Saturday, 30 August 2014

Review: Doctor Who 8.2: Into The Dalek
The Doctor and co go inside a Dalek using Fantastic
technology. From Doctorwhotv
When I first read the script for Into The Dalek (then titled Into The Darkness, which received some ridicule from the Star Trek fanbase), I likened it to a cross between 1977's The Invisible Enemy, 2005's Dalek and 2011's Let's Kill Hitler. While the onscreen result contained a mixture of all three visually, the result was very different thematically - a melting pot of thoughts, not sure whether it wants to push the old chestnut of a "darker" Doctor or whether to appeal to the series' age-old optimism. The execution of a lot of the scripts ideas failed to live up to its potential, but I liked the script on its own merits and that gave the episode most of its appeal to me.
     In a bizarre return to Series Seven's habit of The Doctor having to pick up his companion from a dull(ish) daily life, The Doctor happens upon an ailing ship escaping from some Daleks, and is called upon by committed soldier Journey Blue (Zawe Ashton) to help repair a Dalek who wishes to exterminate his own kind. Picking up Clara (who is currently having a Meet Cute with new regular Danny Pink (Samuel Anderson)), he and a group of soldiers use shrinking technology to become microscopic and enter the Dalek's body. Along the way, a soldier called Ross (Ben Crompton, Pramface) gets executed by the Dalek's internal antibodies and The Doctor coldly uses his death to hack into the Dalek's security. Once they've fixed the Dalek (now known as Rusty), he reverts to being a genocidal maniac and The Doctor and Clara have to show Rusty the meaning of beauty once more. Rusty kills all the bad Daleks and hurrah the day is saved, minus a few lives.
     The episode felt a little rushed - probably because of last week's more palatable slower pace, which was unusually good for NuWho despite the content surrounding it. This mainly came from the protrusion of Danny Pink's introduction into the story - instead of us getting time to know our guest cast, we got character development for him, and the result was a set of characters whose personalities, initially, were very bare boned. Ashton's acting more than made up for that with her character, but it didn't help the other three guest characters any, or the story's concept, which seemed to hit its big twist barely ten minutes into its execution. Instead of getting a chance to soak into this otherwise fascinating world the story was kicking up, we were forced to sit and watch the introduction of a character who really deserved his own episode to develop instead of being tacked onto this one.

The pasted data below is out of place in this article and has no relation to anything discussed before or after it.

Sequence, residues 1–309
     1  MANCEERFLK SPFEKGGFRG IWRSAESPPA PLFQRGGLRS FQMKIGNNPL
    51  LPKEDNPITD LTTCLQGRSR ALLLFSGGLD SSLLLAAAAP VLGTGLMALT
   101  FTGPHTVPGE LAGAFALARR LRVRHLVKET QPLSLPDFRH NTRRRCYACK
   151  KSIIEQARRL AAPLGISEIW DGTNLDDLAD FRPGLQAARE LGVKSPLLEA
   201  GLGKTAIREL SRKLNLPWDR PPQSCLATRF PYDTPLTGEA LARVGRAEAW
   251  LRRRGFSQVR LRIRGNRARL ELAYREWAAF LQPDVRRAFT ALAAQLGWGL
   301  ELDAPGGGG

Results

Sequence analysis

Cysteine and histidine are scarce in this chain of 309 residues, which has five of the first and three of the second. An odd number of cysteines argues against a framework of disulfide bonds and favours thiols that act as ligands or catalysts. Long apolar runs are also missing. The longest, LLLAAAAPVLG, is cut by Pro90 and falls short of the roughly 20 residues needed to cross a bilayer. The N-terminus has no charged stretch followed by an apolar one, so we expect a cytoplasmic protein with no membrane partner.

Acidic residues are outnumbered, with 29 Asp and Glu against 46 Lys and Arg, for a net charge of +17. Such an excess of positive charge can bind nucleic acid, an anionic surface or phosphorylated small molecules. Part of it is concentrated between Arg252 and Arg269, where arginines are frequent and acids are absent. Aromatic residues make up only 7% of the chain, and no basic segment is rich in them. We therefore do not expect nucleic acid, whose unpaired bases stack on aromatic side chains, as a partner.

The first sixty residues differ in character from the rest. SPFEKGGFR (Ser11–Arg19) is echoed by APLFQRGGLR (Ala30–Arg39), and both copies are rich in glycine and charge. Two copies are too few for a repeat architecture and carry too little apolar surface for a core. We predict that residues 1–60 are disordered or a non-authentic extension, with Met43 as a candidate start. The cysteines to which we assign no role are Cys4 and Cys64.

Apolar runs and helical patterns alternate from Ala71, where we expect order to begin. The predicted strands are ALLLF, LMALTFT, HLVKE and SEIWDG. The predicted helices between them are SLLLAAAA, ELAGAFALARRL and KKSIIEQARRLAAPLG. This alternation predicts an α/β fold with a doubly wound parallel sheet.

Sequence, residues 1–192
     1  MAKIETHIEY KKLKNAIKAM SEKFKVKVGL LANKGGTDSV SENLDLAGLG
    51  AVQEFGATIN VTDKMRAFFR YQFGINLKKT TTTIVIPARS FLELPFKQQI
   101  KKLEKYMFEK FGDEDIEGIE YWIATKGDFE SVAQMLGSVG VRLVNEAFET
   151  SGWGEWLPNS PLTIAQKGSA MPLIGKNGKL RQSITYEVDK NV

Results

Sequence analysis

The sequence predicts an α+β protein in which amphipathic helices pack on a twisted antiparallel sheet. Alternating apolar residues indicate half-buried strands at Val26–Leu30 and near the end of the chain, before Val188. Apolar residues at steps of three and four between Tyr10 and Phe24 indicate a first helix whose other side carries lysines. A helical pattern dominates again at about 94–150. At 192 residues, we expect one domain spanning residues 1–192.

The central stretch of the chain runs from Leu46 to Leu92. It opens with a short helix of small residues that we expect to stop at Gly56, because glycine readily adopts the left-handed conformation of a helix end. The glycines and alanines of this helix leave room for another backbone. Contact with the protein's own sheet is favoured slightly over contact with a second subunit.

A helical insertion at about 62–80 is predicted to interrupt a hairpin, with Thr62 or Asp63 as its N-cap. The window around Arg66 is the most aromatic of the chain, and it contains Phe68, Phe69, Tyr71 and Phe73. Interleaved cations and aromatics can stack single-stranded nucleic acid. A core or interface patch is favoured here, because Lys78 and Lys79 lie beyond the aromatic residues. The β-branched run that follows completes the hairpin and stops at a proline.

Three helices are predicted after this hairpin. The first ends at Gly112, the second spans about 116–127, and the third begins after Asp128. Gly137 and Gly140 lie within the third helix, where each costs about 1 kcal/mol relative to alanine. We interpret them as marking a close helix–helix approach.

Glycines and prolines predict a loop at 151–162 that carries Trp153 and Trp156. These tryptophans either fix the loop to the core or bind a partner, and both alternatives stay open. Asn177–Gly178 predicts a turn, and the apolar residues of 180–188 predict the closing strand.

"Rusty" - a name which I can't help thinking is a stab at
Russell T Davies' fan nickname.
From the BBC
     Luckily there was no real moment of misogyny, which is rare for a script with Moffat's name on it - luckily, this script was mainly written by Phil Ford, the Sarah Jane Adventures writer who co-wrote the fantastic The Waters of Mars. That story's big idea (at the end of the day) was the figure of The Doctor as a great cosmic God, with a wicked vengeance streak. Twelve's dialogue here resembles Eleven's from back in The Time of Angels, except here his obnoxious character is more emphasised and highlighted to the extent that it's a point of the plot. Twelve persuades a hopeless man that he can be saved and then capitalises on his death without a second thought. Rusty looks into his heart and finds such hatred that it inspires him to become turncoat. And, in a bizzare move, he openly rejects Journey from travelling with him because she's a soldier. I think Three would have something to say to that, Twelve. (Not to mention that in the new series alone, Rose, Martha, Jack, Mickey and Rory have all been soliders at one point or another.)
     I don't know what to say, I enjoyed this week. Its flaws came in terms of its tone and its execution - a lot of its darker ideas needed more time to sink in, and the characterisations could have been a bit stronger. As an experience though, as a cohesive episode, it was a remarkable change of pace and one which felt good because the characters (sans Doctor, of course) acted more or less how real people would act. I know it's tragic that that's a selling point in Doctor Who these days, but there it is. Into The Dalek was not as strong a story as some of its major influences - something that was especially notable when Rusty quoted the eponymous character from Dalek at the end of the episode. But all the same, it's a turn up for the books in terms of Moffat's era. And I can only hope that this upturn is consistent.


NEXT WEEK: It's Robin Hood! WITH ROBOTS! It's Robot of Sherwood.

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